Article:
• Tuesday, May 28, 2024
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BusinessDay

‘Foreign airlines didn’t reduce fares because of Air Peace, it’s just coincidence’

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The Association of Foreign Airlines and Representatives in Nigeria (AFARN) has debunked reports implying that foreign airlines in Nigeria reduced fares because of Air Peace’s debut flight to London.

Kingsley Nwokoma, the president of AFARN told BusinessDay that fares reduction on the London route and other destinations is not because of competition by Air Peace but a drop in the foreign exchange rate and the repatriation of trapped funds.

“Competition is good but before Air Peace came onboard, foreign airlines have been speaking to the International Air Transport Association (IATA) and the government on releasing low inventories. This discussion has been going on for a while now.

“A substantial amount of trapped funds have been paid to foreign airlines and that was why foreign airlines released lower fares. The reason why fares went up in the first place was because low inventories were shut down.

“Now government has shown enough goodwill to make payments, so it is in the interest of airlines to also show some goodwill to Nigerians by making low inventories available. To the best of my knowledge, CBN has cleared all the backlog, the only outstanding payments are the ones with the bank,” Nwokoma said.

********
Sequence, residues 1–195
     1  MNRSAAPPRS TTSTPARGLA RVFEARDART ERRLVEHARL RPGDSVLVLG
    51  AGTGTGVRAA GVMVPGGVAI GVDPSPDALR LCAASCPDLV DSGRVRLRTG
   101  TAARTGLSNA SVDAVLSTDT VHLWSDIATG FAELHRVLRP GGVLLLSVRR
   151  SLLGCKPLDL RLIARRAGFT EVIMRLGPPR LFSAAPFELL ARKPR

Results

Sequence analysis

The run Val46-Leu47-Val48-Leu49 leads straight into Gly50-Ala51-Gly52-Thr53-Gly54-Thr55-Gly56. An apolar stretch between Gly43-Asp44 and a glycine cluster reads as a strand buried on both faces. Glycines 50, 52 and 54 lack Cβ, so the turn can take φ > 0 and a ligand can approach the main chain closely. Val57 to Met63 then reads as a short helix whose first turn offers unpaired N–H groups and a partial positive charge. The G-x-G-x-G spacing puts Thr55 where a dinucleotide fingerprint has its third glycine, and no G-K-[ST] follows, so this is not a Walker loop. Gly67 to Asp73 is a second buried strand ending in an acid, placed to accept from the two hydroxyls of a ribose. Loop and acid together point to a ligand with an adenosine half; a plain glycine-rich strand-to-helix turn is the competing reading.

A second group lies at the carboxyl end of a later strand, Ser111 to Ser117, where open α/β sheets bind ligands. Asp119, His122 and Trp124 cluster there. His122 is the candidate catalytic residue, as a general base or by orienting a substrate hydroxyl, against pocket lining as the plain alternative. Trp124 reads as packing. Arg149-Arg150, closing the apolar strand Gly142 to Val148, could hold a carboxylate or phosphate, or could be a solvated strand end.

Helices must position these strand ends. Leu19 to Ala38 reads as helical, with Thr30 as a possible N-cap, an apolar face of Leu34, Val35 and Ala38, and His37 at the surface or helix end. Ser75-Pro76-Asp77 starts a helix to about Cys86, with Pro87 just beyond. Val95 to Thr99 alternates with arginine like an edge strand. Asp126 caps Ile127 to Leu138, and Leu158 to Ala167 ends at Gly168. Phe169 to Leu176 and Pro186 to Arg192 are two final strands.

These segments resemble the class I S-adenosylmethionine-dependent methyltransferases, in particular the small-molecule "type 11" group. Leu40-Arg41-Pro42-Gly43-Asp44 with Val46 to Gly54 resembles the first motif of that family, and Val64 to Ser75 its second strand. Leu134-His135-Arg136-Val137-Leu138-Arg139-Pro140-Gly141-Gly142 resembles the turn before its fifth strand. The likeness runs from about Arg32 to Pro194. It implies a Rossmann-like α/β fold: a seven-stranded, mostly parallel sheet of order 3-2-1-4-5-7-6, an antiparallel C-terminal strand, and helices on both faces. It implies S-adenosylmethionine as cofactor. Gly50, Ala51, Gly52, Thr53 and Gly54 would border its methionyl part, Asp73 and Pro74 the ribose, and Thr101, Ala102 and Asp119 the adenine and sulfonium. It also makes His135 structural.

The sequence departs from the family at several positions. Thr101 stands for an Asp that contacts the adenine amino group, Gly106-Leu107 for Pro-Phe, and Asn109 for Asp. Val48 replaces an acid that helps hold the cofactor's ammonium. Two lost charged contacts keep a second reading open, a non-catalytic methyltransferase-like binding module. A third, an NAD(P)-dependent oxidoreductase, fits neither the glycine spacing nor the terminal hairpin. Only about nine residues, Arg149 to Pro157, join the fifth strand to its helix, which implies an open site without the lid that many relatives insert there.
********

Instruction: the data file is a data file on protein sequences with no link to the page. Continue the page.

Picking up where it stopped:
He stressed that it was at the same time CBN cleared the trapped funds, that naira gain strength. This, according to him, made fares drop. “Fortunately all these happened the same time Air Peace commenced its Lagos-London flight,” he added.

Nwokoma said if the trapped funds were cleared during the last administration, passengers won’t have to pay high fares in the first place.

Susan Akporiaye, president National Association of Nigerian Travel Agencies(NANTA) explained that Shortly before Air Peace started flights to London, the Nigeria Civil Aviation Authority (NCAA) had threatened to sanction foreign airlines that failed to release low ticket inventories.

Akporiaye also stated that the reason why tickets were expensive was because airlines were selling only the highest ticket inventories.

“When the exchange rate was as high as N1,850 to a dollar, ticket inventory available on the Lagos-London route was between N5 million to N6 million. The NCAA had to engage the airlines to reduce fares because these prices were out of reach for many Nigerians. Some airlines release low inventories 48 hours after the NCAA asked them to, while others pleaded that they be given one week and some two weeks to release low inventories.

“However, whatever the rate of exchange is, is what you see in naira. The rate of exchange determines the price of tickets. Now the rate of exchange has dropped, BA and Virgin Atlantic are charging as low as N1.1 million and N1.2million for a return ticket from Lagos to London. As the naira gains more strength, fares will continue to drop. Air Peace will also have to further reduce fares, if not, they will not be able to compete on the route,” Akporiaye explained.